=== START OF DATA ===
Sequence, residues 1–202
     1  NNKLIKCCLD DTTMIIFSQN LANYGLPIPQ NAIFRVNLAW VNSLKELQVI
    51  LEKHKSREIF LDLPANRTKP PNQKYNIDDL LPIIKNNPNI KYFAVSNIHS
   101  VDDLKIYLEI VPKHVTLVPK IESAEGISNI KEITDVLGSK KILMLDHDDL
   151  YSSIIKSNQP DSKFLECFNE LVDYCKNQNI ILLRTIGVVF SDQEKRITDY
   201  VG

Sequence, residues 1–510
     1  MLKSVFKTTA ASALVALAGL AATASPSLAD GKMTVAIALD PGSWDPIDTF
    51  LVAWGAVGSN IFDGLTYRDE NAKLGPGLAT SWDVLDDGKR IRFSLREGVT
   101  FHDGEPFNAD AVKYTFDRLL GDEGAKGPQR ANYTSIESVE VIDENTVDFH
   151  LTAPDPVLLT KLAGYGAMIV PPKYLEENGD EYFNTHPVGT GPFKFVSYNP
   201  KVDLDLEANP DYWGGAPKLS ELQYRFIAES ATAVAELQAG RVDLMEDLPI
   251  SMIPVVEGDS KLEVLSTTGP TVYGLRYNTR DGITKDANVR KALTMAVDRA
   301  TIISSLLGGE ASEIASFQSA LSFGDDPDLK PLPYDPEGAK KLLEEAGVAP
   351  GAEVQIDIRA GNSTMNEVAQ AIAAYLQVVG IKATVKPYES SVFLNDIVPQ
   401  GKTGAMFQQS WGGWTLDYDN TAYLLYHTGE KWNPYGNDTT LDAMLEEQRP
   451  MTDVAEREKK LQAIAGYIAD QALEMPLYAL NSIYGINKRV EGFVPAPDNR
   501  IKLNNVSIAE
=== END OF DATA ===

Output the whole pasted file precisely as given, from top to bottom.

Sequence, residues 1–202
     1  NNKLIKCCLD DTTMIIFSQN LANYGLPIPQ NAIFRVNLAW VNSLKELQVI
    51  LEKHKSREIF LDLPANRTKP PNQKYNIDDL LPIIKNNPNI KYFAVSNIHS
   101  VDDLKIYLEI VPKHVTLVPK IESAEGISNI KEITDVLGSK KILMLDHDDL
   151  YSSIIKSNQP DSKFLECFNE LVDYCKNQNI ILLRTIGVVF SDQEKRITDY
   201  VG

Sequence, residues 1–510
     1  MLKSVFKTTA ASALVALAGL AATASPSLAD GKMTVAIALD PGSWDPIDTF
    51  LVAWGAVGSN IFDGLTYRDE NAKLGPGLAT SWDVLDDGKR IRFSLREGVT
   101  FHDGEPFNAD AVKYTFDRLL GDEGAKGPQR ANYTSIESVE VIDENTVDFH
   151  LTAPDPVLLT KLAGYGAMIV PPKYLEENGD EYFNTHPVGT GPFKFVSYNP
   201  KVDLDLEANP DYWGGAPKLS ELQYRFIAES ATAVAELQAG RVDLMEDLPI
   251  SMIPVVEGDS KLEVLSTTGP TVYGLRYNTR DGITKDANVR KALTMAVDRA
   301  TIISSLLGGE ASEIASFQSA LSFGDDPDLK PLPYDPEGAK KLLEEAGVAP
   351  GAEVQIDIRA GNSTMNEVAQ AIAAYLQVVG IKATVKPYES SVFLNDIVPQ
   401  GKTGAMFQQS WGGWTLDYDN TAYLLYHTGE KWNPYGNDTT LDAMLEEQRP
   451  MTDVAEREKK LQAIAGYIAD QALEMPLYAL NSIYGINKRV EGFVPAPDNR
   501  IKLNNVSIAE